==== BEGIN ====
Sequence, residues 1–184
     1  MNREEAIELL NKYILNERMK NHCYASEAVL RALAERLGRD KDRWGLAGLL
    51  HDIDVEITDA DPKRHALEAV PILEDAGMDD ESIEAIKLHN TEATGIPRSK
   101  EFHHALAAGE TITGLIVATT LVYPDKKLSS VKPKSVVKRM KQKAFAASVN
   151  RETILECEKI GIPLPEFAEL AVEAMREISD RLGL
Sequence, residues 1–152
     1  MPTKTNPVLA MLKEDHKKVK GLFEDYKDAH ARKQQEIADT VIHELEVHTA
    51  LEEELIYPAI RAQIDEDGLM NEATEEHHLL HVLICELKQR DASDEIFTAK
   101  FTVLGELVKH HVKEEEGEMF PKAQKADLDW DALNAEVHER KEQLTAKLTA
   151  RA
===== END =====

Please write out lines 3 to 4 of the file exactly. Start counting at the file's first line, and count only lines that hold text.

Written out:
    51  HDIDVEITDA DPKRHALEAV PILEDAGMDD ESIEAIKLHN TEATGIPRSK
   101  EFHHALAAGE TITGLIVATT LVYPDKKLSS VKPKSVVKRM KQKAFAASVN